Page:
My sister and I used to huddle together and whisper what an absolute 'racist' she was, how could our mother even be related to such a racist.
She knew the threat was there back in the 1940's I suppose because her parents would have been concerned, but she couldn't have said anything to anyone in the 80's/90's without modern education slamming her 'opinion.'
She was so forthright, so morally sound in all ways that we really couldn't say anything to her face.
It's very strange, clever and sinister the way we've been divided.. and conquered? Almost..
 

whitewave

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There was a lot of social pressure back in the day and people generally kept things to themselves. It wasn't until Phil Donahue came up with his tell-all show that spilling your guts to total strangers came in vogue. My family history was hidden from me but I'm nosey and sussed it out for myself. My great grandmother was Cherokee but could pass for Caucasian. My grandmother (her daughter) only verified that tidbit when I was in my 20's and confronted her with the evidence. She told me that it was for safety because you could kill a "half-breed" but killing a white woman would get you in trouble. My grandmother could pass for Caucasian and she never even told her husband that she was "half-breed" (what an ugly term!) because in her day it was actually illegal to marry outside your race. That story made me cry. She had to cut off ties with her parents in case someone found out which is about the saddest thing ever. I met my great grandmother when I was 5 and she made such an impression on me that she's the reason I got into foraging, herbal medicine and became a nurse.

My father's side of the family were German but changed their name to something more English sounding during WWII because you didn't want to be a German-American in America during WWII. So a lot of my family history has been hidden from me. The stories of my parents/grandparents were carefully selected to be generic stories that wouldn't reveal their secrets.

I've worked with the elderly and listened to their stories but their generation just didn't divulge personal information. Some sort of social taboo. Mainly they'll tell you stories of the wars they were in or the domestic life they lived but rocking the historical boat is just not done. You don't question the authorities official version; in fact, I don't think they ever even thought to do so. More trusting, naive generation.
 

UnusualBean

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Cherokee but could pass for Caucasian.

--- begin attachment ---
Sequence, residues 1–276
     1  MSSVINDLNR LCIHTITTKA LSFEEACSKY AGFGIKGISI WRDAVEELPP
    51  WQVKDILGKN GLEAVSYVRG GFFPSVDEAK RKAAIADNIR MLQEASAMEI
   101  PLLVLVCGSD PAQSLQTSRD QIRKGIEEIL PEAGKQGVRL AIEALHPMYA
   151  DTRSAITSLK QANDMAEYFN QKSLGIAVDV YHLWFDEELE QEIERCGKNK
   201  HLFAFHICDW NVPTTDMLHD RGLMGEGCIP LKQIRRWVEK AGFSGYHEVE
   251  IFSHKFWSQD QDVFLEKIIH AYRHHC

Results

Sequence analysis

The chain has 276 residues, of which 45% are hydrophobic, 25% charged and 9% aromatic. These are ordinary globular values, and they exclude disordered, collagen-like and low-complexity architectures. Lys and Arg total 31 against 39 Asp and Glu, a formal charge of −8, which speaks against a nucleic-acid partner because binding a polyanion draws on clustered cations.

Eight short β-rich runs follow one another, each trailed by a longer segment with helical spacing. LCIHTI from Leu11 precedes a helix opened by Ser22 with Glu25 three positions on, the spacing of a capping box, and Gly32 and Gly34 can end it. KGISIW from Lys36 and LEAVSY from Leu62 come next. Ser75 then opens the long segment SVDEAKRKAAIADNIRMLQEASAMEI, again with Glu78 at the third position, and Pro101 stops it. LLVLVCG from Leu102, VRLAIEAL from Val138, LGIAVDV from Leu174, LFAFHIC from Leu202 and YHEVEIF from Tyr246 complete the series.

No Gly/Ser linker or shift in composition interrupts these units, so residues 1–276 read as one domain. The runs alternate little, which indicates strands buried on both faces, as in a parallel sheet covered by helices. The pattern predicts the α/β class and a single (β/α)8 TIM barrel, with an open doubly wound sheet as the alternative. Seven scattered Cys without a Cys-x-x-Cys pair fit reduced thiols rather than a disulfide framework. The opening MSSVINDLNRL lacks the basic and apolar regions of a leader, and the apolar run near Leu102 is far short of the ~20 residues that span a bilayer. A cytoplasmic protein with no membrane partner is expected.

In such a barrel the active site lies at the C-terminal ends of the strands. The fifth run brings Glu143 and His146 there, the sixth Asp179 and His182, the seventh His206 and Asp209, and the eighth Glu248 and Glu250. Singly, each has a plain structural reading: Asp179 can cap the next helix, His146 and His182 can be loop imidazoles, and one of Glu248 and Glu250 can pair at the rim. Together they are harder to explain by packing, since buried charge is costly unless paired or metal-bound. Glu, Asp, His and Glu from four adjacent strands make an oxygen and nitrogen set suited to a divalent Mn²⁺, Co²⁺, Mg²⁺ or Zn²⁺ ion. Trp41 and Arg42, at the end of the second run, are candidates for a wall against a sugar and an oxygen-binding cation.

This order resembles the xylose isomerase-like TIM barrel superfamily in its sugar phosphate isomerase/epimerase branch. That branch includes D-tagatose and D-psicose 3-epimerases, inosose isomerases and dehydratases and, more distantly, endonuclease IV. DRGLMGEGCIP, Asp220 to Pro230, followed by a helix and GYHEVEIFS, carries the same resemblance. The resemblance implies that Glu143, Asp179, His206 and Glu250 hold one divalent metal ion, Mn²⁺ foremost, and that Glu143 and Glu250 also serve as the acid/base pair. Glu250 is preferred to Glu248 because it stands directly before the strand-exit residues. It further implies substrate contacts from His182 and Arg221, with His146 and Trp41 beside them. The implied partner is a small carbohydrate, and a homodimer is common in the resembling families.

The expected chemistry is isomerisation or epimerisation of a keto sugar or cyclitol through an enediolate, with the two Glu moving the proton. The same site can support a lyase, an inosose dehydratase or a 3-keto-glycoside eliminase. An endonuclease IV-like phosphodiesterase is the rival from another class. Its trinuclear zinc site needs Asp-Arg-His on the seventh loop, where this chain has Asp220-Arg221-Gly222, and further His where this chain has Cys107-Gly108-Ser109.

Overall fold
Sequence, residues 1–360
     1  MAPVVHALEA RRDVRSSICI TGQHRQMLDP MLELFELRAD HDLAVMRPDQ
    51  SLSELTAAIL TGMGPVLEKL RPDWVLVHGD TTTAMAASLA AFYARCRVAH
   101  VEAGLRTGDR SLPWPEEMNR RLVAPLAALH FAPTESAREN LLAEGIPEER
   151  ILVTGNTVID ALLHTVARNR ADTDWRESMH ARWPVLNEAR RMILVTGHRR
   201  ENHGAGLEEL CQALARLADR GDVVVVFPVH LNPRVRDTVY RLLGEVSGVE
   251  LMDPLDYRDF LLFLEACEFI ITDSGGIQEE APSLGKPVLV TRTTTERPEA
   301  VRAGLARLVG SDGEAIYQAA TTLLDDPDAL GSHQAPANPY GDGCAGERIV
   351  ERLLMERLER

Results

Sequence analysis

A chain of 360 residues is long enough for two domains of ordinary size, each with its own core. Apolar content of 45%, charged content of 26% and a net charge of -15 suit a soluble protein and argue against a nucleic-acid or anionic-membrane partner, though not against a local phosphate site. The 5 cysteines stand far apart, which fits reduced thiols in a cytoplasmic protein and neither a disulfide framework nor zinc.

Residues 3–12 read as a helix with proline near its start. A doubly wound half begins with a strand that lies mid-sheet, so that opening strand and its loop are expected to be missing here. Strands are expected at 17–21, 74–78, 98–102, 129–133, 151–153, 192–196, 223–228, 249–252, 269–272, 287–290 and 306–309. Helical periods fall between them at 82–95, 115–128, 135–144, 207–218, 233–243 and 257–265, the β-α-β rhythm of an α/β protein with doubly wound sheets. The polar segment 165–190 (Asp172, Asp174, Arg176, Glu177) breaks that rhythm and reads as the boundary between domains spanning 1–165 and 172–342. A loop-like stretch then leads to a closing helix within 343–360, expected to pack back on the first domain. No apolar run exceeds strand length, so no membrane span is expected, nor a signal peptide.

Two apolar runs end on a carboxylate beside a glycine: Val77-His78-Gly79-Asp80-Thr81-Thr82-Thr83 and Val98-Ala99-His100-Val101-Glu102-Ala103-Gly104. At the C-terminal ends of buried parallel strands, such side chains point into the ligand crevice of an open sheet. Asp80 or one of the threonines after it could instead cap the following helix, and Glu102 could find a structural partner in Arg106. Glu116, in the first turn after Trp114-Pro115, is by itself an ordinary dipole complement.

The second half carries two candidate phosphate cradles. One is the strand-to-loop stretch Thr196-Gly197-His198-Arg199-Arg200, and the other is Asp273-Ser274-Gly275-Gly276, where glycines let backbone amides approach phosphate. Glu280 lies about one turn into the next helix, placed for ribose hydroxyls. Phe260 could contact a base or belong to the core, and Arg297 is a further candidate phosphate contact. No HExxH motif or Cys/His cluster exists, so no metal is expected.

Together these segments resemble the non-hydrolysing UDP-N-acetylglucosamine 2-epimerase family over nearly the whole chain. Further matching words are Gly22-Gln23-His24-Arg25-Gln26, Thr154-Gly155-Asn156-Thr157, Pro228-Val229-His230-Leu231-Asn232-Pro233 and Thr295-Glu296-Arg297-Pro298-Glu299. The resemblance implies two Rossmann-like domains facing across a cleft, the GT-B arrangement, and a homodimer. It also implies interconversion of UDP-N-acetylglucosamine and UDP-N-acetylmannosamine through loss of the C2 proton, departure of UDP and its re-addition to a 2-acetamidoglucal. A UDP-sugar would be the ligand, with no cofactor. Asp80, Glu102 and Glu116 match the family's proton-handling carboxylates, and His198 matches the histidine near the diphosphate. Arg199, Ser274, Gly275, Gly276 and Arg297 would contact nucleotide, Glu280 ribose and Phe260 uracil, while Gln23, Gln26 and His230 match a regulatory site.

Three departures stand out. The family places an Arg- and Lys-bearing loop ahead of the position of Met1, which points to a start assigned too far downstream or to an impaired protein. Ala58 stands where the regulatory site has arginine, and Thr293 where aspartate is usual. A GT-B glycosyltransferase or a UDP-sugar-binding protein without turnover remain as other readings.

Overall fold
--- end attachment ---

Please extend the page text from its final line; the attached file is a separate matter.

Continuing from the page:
This is something that's currently in the process of being rewritten, but your great grandmother probably was actually Caucasian, just not "white" by the racial standards of the time. "White" classification has made a lot of transformations over the years, and even today people still argue about whether all light skinned Caucasians are "white" or not.

Anyway, the Cherokee and surrounding peoples weren't a fully homogeneous bunch, but they were mainly of Mediterranean descent. That's why there are so many modern Americans with family stories of Cherokee and etc. ancestry whose DNA results tell them "No, you're Jewish!" or "No, you're Spanish!" etc. This is also the case in my family. We have verifiable Native ancestry, and not a small amount of it either, but my DNA test looks like somebody closed their eyes and threw darts at a map of Eurasia. It's something you see whispered about in the corners of the internet, but people really don't talk about it in real life. Even tribes don't really talk about it. You're family or you're not, and race is only an issue if you're not.

Example of a full blooded Cherokee girl from a century ago:



At the time they described her looks as "Grecian". They knew.
 

Paracelsus

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This is something that's currently in the process of being rewritten, but your great grandmother probably was actually Caucasian, just not "white" by the racial standards of the time. "White" classification has made a lot of transformations over the years, and even today people still argue about whether all light skinned Caucasians are "white" or not.

Anyway, the Cherokee and surrounding peoples weren't a fully homogeneous bunch, but they were mainly of Mediterranean descent. That's why there are so many modern Americans with family stories of Cherokee and etc. ancestry whose DNA results tell them "No, you're Jewish!" or "No, you're Spanish!" etc. This is also the case in my family. We have verifiable Native ancestry, and not a small amount of it either, but my DNA test looks like somebody closed their eyes and threw darts at a map of Eurasia. It's something you see whispered about in the corners of the internet, but people really don't talk about it in real life. Even tribes don't really talk about it. You're family or you're not, and race is only an issue if you're not.

Example of a full blooded Cherokee girl from a century ago:



At the time they described her looks as "Grecian". They knew.
My maternal grandfather was half Cherokee, born on a reservation in Oklahoma and looked Italian. All of my mom's side has extensive Cherokee heritage, while they weren't necessarily "proud" of it, they certainly weren't ashamed.

Cherokee genetics definitely present unique physical features, both my mom and I are fairly blonde-ish and small boned. No-one on my dad's side could be described as small boned and fair-featured whatsoever, but I ended up with all of their athletic ability.

From what my mom has told me from her grandparents The Trail of Tears was a very real event for their grandparents. Savages getting shit-canned to badlands, probably made me tougher for it.